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Determinants of Hair Manganese, Lead, Cadmium and Arsenic Levels in Environmentally Exposed Children.

  • Author(s): Jursa, Thomas
  • Stein, Cheryl R
  • Smith, Donald R
  • et al.
Abstract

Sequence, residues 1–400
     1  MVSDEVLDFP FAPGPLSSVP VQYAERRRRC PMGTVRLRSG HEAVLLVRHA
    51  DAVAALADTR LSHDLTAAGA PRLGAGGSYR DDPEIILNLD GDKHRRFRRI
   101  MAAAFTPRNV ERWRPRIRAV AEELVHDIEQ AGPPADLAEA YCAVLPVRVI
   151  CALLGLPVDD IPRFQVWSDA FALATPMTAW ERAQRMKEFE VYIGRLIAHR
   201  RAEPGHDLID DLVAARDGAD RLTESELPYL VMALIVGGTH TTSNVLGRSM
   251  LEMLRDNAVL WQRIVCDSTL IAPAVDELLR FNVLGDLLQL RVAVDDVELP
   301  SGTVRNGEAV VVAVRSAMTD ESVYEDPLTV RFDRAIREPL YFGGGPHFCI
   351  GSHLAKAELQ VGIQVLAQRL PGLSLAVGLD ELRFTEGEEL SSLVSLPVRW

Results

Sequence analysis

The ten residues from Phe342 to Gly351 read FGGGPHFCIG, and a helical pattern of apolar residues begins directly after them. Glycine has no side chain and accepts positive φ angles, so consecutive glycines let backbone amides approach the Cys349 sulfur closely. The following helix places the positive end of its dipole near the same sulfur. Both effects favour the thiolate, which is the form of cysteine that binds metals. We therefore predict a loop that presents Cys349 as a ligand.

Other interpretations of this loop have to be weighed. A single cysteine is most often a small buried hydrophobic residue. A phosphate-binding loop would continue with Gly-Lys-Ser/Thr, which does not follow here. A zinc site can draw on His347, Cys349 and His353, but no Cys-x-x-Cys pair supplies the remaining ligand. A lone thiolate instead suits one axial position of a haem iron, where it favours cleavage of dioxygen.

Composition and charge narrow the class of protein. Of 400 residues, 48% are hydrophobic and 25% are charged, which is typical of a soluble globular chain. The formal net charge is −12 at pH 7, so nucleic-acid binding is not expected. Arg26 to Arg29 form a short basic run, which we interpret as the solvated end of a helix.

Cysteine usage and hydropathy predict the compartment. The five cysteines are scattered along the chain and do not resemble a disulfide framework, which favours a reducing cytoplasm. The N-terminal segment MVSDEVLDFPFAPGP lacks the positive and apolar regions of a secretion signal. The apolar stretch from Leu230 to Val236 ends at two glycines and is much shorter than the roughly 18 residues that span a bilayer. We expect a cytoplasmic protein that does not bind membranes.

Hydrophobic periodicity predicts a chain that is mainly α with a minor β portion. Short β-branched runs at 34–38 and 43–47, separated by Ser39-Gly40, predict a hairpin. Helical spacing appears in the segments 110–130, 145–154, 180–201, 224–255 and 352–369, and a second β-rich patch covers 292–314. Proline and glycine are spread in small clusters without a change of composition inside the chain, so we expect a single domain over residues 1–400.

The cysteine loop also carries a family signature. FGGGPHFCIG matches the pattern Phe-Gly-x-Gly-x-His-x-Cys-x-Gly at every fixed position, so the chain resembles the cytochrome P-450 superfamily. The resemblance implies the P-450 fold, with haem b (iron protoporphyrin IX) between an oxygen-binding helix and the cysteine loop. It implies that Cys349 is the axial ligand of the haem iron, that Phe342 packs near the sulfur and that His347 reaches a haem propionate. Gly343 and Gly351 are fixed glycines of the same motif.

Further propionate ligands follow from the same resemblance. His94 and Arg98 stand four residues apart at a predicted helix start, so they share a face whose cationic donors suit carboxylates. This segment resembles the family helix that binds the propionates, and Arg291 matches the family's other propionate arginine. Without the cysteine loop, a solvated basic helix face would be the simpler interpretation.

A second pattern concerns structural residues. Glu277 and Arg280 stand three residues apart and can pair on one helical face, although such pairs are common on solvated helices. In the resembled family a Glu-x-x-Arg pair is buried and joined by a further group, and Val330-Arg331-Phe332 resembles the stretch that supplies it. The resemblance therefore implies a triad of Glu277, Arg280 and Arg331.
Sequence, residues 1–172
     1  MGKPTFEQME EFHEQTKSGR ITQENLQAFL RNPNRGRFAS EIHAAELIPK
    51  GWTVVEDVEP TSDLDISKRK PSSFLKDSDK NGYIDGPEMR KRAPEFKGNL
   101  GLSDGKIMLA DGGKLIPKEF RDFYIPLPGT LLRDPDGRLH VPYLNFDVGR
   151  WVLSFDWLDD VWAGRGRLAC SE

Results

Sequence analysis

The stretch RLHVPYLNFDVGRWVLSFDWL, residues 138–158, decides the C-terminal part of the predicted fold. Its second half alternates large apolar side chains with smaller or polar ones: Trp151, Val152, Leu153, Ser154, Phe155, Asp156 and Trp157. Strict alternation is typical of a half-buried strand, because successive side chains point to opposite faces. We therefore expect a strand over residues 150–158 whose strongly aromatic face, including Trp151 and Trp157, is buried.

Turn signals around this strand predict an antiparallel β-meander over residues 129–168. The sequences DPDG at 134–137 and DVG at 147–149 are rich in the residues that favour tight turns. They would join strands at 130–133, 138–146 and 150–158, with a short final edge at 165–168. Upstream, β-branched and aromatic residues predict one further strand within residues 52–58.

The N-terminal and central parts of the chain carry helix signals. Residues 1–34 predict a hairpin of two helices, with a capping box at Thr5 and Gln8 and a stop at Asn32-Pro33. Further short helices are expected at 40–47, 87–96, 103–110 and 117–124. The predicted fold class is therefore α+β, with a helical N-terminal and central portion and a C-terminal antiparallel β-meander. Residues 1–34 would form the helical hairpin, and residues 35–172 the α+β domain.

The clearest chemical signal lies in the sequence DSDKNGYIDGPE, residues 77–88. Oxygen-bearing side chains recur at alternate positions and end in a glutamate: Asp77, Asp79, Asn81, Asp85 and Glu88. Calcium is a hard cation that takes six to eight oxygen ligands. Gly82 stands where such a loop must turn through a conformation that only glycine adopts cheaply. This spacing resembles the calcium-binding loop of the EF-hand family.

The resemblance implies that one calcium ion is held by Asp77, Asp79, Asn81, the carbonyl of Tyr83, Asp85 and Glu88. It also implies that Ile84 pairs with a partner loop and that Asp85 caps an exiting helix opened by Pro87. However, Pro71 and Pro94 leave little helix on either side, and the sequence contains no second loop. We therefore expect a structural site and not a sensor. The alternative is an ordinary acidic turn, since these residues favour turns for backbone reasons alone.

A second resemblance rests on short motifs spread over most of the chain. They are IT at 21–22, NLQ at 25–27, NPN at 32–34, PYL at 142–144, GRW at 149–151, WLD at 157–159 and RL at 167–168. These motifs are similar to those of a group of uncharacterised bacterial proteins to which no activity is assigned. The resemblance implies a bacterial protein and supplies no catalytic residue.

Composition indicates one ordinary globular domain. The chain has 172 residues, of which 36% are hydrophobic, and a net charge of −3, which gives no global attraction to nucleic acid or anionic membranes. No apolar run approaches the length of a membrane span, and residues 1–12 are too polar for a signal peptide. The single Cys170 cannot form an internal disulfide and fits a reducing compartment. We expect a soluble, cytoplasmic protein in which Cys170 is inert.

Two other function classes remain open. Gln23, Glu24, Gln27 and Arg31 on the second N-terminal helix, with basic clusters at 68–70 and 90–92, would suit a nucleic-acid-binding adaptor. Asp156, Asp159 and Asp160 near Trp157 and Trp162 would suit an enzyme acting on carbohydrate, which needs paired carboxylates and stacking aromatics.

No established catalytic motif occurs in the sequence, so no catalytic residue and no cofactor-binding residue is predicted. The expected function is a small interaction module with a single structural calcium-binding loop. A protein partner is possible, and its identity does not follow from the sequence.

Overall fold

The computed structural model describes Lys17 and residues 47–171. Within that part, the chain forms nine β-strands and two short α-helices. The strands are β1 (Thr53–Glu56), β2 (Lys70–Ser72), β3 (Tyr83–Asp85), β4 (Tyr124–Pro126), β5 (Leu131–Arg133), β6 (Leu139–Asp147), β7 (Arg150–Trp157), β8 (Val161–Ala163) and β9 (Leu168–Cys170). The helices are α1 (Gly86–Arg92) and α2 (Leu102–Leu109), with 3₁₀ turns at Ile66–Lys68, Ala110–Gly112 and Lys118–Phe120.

Biomarkers of environmental metal exposure in children are important for elucidating exposure and health risk. While exposure biomarkers for As, Cd, and Pb are relatively well defined, there are not yet well-validated biomarkers of Mn exposure. Here, we measured hair Mn, Pb, Cd, and As levels in children from the Mid-Ohio Valley to determine within and between-subject predictors of hair metal levels. Occipital scalp hair was collected in 2009-2010 from 222 children aged 6-12 years (169 female, 53 male) participating in a study of chemical exposure and neurodevelopment in an industrial region of the Mid-Ohio Valley. Hair samples from females were divided into three two centimeter segments, while males provided a single segment. Hair was cleaned and processed in a trace metal clean laboratory, and analyzed for As, Cd, Mn, and Pb by magnetic sector inductively coupled plasma mass spectrometry. Hair Mn and Pb levels were comparable (median 0.11 and 0.15 µg/g, respectively) and were ~10-fold higher than hair Cd and As levels (0.007 and 0.018 µg/g, respectively). Hair metal levels were higher in males compared to females, and varied by ~100-1000-fold between all subjects, and substantially less (<40-70%) between segments within female subjects. Hair Mn, Pb, and Cd, but not As levels systematically increased by ~40-70% from the proximal to distal hair segments of females. There was a significant effect of season of hair sample collection on hair Mn, Pb, and Cd, but not As levels. Finally, hair metal levels reported here are ~2 to >10-fold lower than levels reported in other studies in children, most likely because of more rigorous hair cleaning methodology used in the present study, leading to lower levels of unresolved exogenous metal contamination of hair.

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